> - When you use the regexp [0-9]+ in &xequal, it doesn't work at all.
> - When you use [0-9]*, it works like [0-9]+, not matching the empty string but matching a string of digits.
> - When you use these in query-replace-string, they work "correctly," i.e., '+' matches one or more of a char, '*' matches empty strings and any number of a char.
This is a user error. As with most systems there are 2 types of 'regex', the
complex gnu regex used by search and replace which is what you think &xseq is,
and the file-system regex where '*' is any number of any character (i.e. ".*"
in gnu regex) and '?' is any char. Which is why [0-9]* appears to work and
Having said that, when I implemented the &xse regexcmp function I did not have
access to a simple interface to a gnu-regex style engine. I now do, so I'm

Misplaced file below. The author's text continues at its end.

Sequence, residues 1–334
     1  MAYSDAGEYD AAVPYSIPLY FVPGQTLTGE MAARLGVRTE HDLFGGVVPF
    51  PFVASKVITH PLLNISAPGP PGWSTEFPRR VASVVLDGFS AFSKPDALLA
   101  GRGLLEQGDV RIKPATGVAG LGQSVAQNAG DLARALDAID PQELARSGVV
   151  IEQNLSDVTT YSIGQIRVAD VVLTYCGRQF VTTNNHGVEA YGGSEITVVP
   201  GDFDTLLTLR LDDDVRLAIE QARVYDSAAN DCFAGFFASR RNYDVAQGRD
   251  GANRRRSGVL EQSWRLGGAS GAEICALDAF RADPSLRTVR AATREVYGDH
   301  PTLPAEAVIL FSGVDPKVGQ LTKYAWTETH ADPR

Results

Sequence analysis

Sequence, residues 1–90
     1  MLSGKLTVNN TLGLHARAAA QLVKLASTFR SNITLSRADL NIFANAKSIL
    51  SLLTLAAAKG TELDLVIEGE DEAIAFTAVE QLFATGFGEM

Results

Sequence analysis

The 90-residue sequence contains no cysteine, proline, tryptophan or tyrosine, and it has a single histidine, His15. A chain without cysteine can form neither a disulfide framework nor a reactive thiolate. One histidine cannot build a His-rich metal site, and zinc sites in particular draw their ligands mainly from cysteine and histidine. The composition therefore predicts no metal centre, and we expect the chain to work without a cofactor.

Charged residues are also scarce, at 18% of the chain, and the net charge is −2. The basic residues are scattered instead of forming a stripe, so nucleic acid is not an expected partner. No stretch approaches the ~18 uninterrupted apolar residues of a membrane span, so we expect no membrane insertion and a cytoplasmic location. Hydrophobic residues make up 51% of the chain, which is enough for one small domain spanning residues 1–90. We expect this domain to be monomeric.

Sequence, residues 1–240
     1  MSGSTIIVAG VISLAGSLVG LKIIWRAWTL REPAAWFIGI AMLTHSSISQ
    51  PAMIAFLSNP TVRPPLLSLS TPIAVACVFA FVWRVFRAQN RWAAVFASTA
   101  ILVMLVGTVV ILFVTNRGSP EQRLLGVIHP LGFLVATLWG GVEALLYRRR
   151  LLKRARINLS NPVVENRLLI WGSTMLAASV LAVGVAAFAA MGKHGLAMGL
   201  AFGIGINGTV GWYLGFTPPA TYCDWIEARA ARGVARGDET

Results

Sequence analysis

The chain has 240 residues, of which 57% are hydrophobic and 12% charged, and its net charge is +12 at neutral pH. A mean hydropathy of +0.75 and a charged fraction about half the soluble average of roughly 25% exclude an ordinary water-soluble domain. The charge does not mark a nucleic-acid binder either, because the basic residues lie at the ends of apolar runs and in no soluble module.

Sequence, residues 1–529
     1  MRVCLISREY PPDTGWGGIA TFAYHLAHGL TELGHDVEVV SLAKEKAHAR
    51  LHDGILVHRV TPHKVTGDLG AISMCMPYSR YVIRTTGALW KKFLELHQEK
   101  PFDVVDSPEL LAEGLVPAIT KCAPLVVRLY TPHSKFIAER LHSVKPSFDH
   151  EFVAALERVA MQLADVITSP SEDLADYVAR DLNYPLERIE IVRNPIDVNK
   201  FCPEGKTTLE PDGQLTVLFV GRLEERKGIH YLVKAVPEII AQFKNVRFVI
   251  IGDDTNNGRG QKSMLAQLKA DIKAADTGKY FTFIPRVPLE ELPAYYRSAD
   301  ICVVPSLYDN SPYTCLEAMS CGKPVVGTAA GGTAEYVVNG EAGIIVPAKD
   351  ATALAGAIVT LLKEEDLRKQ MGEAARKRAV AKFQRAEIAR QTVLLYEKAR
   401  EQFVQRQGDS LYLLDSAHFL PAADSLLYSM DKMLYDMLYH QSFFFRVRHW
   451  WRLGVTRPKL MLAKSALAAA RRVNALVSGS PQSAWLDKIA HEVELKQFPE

tempted to move everything over to gnu-regex. This means that variables like
$spell-word, $buffer-names, $command-names etc will be gnu-regex compliant.
Can anyone see any reason why I shouldn't?
> p.s. While we're discussing regexps, why are the \h, \l etc. functions not
> supported? These would be useful. My (admittedly limited) Unix in a Nutshell
> book documents these as being part of GNU regexp (they make letters/words
I'm afraid they are not gnu Emacs regex compliant, only \b (word boundary) and
\w (word char) are strictly gnu, there are also "\s " and \s- for a white
space and \sw for a word char. I also added the posix style character classes,
i.e. [[:upper:]] or [^[:upper:][:lower:]] (horrible I know but they are the
We could add the \h & \l (what others are missing??), after all, this is not
gnu Emacs. But I am concerned that they will conflict with existing \?
characters, such as \n or \t etc. So which ones are missing? And does anyone
object to adding them?